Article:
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IWD 2024: Never be discouraged - my journey into tech and telecommunications
Fri, 8th Mar 2024

As a graduate of Computer Science Engineering during the early 2000s, I have seen and experienced what it takes to be a woman embarking on a career in technology and telecommunications. I hope the lessons I've learned on my journey can inspire and encourage other women.

Perseverance and dedication are key

My career began as a junior support engineer in a telecommunications firm, where I found myself on a very steep learning curve. I was immersed in a male-dominated industry which required constant learning and growth. Each day presented new challenges, from customer relations to understanding industry dynamics and managing people. As my technical expertise and people management skills increased, I eventually decided a technical support officer role was where my skillset best fit.

Looking back, I realise how much this initial phase of my career shaped the qualities I am most proud of today - perseverance, determination and dedication. Each of these virtues has been essential in my career, as relevant today as almost 25 years ago - particularly as a woman in tech.

The telecommunications industry is certainly one that likes people who 'pick up' things quickly and this realisation early on pushed me to research, study and investigate more about every project and piece of work I was involved with. It created a drive that helped me steadily progress and evolve. 

Logistical barriers are real
Despite the strides in diversity and inclusion across the technology sector since I began my career, women are still under-represented and still encounter barriers to entering and thriving in this industry. 

The recent Workplace Gender Equality Agency (WGEA) report confirms this, indicating the information media and telecommunications sector as a whole has a 22.5 percent gap when it comes to median salary, and a 24% gap for remuneration.

But it's not just salary where women are challenged and disadvantaged.

In telecommunications, specifically in technology support roles, logistics such as rotating shifts or night shifts and travel between sites pose significant challenges for women, who, in the majority of cases, are still the primary caregivers. 

Across the sector, there is also a significant lack of women in senior leadership roles, which I believe impacts the younger generation of female tech graduates. The saying that girls become who they can see is true – we need more women in tech and in leadership to help boost interest in this sector among our students.

Women offer a breadth of skills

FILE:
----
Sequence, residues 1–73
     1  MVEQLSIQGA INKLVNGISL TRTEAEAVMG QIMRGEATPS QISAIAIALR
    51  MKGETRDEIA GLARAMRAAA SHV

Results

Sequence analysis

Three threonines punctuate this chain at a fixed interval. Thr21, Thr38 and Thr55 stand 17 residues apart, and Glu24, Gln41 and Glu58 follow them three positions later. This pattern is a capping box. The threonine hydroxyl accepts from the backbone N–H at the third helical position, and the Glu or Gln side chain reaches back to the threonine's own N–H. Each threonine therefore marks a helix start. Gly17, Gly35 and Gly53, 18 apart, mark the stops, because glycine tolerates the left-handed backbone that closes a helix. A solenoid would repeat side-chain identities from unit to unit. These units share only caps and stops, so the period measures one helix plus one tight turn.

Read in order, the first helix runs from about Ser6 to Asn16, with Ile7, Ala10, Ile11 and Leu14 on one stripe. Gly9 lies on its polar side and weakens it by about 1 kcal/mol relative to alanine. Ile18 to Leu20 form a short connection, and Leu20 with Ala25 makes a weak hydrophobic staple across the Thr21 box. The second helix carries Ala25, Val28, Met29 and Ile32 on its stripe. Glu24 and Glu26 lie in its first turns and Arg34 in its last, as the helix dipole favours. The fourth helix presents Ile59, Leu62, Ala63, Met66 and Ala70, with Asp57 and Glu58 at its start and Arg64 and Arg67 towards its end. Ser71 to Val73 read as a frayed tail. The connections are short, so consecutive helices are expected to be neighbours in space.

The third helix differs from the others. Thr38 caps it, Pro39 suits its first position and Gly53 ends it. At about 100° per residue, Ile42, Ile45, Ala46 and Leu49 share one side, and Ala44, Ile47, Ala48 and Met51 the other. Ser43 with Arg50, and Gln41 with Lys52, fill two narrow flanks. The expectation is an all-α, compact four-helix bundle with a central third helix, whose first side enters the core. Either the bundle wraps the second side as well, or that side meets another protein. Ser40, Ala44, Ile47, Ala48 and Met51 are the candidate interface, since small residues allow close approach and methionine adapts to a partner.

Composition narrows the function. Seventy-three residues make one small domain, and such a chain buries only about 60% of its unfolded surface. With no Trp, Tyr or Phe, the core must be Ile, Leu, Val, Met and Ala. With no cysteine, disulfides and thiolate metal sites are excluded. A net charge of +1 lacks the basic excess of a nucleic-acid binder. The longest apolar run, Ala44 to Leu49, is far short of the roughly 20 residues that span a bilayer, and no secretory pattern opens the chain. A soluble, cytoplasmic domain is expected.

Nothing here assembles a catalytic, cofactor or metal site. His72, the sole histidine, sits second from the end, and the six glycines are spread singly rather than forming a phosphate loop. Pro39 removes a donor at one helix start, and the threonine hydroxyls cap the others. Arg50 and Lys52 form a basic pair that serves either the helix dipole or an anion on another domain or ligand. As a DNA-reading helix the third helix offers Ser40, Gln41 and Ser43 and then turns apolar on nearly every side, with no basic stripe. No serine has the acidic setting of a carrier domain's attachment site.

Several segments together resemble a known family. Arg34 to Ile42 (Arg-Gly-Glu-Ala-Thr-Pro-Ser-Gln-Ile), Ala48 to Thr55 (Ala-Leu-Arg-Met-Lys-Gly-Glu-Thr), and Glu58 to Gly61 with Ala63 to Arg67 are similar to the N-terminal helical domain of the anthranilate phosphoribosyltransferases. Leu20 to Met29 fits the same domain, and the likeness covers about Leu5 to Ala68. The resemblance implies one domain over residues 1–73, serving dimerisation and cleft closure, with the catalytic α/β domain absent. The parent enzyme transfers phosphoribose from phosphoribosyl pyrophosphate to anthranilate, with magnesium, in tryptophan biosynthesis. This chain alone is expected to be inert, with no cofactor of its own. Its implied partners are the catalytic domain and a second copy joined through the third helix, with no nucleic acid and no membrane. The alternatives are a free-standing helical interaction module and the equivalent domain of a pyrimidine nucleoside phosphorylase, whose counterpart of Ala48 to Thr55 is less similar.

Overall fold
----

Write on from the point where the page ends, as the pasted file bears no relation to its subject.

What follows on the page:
It is positive to see many organisations increasingly placing a stronger emphasis on diversity and inclusion as they realise the benefits - beyond technical prowess – that women bring to the table.

In my opinion, women are brilliant collaborators, excellent team players and the ultimate multi-taskers. My female colleagues are exceptional at establishing routine and continuity, which in turn provides stability in their teams and workplace environment. This optimises innovation, better problem-solving and strategic solutions across the board.

I am fortunate to work with SpinTel, an organisation that embraces these qualities and supports initiatives aimed at fostering inclusivity. Flexible work arrangements, such as our four-day workweek and the option to work from home, have been instrumental in maintaining a healthy work-life balance.

Overcoming the barriers
To enhance gender diversity in the tech and telco sector, it's vital to globally adopt gender-responsive digital policies. These policies involve tailoring digital programs to suit learners' gender-specific needs, ensuring inclusive content, closing gender outcome gaps, and safeguarding online spaces for girls.

To ensure gender inclusivity in digital initiatives, more women need to be at the centre of the design and development of emerging tech - including AI - which will help remove inherent gender bias that will persist until women are integral in the design and development phase.

Don't be discouraged

Despite the challenges and barriers women – and other under-represented groups – face in the technology sector, we must remain positively curious and stay updated with emerging technologies to thrive in this dynamic sector. 

Stay true to who you are and the skills you bring to the table. Go beyond your job description, stay updated with current tech, seek mentorship for guidance and encouragement and never lose heart.

Embrace challenges, seek growth opportunities and be assured resilience fuels progress. 

My own career is testament to this.